This is Maxfield Parrish’s landscape, Christmas Eve, painted in 1946. Parrish (1870-1966) lived most of his life in Plainfield, NH, and was one of the most popular illustrators and artists in the country. He became famous and rich during his early career for magical and fairy tale-like prints that showed up as posters, on calendars, in magazines and even on chocolate boxes. Here is his print Dawn, which in the 1920s was reputed to be in one of every four US homes:
But in 1932, he said he wanted to stop painting “pretty girls on rocks” and paint things that made his heart sing. So he started painting landscapes. They were of New Hampshire and Vermont scenes, like his Christmas Eve painting above, and I find them quite beautiful.
His New England scenes were his own idealized versions of the hills and field, mountains and streams – generally not based on a particular view. He responded to one letter writer by saying, “No, that picture isn’t of any place in particular, just sort of a composite of New Hampshire Mountains in general. However, it has brought about a trying situation, in that many people declare they know exactly that spot, and it is a bit embarrassing to know what to tell them. I am for invariably agreeing with each party – but I don’t know, it might make trouble. I am ever so glad you like it – that is the main thing.”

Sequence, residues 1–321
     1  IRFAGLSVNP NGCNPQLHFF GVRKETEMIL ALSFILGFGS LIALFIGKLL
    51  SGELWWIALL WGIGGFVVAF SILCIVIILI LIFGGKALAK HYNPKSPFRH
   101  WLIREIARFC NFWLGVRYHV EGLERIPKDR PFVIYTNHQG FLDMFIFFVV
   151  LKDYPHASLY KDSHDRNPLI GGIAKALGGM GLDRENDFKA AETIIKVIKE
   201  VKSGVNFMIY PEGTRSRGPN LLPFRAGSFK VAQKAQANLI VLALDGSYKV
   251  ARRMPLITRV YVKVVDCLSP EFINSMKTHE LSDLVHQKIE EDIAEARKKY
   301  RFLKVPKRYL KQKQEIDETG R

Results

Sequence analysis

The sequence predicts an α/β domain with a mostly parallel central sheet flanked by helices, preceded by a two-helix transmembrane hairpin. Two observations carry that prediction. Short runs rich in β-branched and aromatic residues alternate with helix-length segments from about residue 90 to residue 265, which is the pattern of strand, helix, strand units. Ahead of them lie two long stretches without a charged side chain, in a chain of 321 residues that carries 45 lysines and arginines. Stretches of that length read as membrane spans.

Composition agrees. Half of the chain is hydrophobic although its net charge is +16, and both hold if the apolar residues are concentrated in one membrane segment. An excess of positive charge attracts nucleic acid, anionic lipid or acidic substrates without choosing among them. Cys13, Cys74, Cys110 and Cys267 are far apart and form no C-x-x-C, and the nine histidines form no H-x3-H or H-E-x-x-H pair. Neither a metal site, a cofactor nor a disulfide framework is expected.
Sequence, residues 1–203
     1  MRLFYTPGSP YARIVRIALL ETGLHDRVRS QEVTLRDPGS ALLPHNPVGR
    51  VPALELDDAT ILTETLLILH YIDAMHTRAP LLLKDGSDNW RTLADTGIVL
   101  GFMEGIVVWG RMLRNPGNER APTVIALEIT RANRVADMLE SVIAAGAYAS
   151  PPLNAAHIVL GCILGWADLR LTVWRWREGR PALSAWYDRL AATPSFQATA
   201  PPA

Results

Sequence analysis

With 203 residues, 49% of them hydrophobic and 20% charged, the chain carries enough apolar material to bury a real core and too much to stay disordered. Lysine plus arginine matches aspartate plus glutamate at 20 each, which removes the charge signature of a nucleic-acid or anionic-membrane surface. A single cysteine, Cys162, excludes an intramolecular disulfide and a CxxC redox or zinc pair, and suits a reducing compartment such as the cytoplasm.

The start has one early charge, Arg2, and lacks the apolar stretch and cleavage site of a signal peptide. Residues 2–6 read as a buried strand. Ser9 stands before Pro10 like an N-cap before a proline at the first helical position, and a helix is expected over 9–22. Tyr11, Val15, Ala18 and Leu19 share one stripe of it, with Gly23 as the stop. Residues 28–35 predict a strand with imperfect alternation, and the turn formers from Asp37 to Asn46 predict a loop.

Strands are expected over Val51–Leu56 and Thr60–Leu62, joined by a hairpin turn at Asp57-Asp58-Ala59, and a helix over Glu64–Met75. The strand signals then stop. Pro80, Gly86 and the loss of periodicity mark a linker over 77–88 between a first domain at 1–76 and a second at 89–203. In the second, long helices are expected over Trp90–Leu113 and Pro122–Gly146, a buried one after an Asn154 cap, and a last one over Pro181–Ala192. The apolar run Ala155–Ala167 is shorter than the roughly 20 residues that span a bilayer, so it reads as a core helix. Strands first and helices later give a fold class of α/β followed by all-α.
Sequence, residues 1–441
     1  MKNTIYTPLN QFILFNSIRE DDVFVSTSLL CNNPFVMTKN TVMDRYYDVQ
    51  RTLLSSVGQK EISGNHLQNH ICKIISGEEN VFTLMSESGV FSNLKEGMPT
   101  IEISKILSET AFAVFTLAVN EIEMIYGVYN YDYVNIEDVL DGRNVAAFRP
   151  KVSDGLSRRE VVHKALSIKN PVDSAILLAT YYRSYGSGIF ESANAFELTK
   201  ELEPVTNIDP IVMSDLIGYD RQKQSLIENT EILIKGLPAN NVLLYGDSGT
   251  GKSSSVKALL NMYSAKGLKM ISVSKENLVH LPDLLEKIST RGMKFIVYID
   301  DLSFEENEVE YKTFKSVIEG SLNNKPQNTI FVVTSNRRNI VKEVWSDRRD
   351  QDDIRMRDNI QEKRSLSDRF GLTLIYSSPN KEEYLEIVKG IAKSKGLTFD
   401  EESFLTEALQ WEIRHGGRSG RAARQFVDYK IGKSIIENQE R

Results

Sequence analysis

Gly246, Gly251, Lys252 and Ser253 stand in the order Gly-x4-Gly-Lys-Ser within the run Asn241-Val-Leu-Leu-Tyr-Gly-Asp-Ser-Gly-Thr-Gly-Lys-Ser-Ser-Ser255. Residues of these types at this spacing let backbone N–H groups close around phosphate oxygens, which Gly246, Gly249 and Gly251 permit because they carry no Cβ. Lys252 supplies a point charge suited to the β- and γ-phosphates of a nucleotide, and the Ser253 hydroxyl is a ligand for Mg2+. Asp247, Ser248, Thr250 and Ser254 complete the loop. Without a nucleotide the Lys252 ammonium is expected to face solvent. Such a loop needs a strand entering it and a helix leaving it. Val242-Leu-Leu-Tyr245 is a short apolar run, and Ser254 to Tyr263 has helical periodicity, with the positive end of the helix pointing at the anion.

Here is Maxfield Parrish’s Christmas Morning, painted in 1949:
If you drive down along the NH side of the Connecticut River, on Route 12A from Lebanon to Plainfield and Cornish, you are on New Hampshire’s Maxfield Parrish Highway.
And wherever you are tonight, and tomorrow, whether on a visit with friends or relations, or safely tucked in at home, I hope you have a very Merry Christmas. And keep your eye out for whatever makes your heart sing.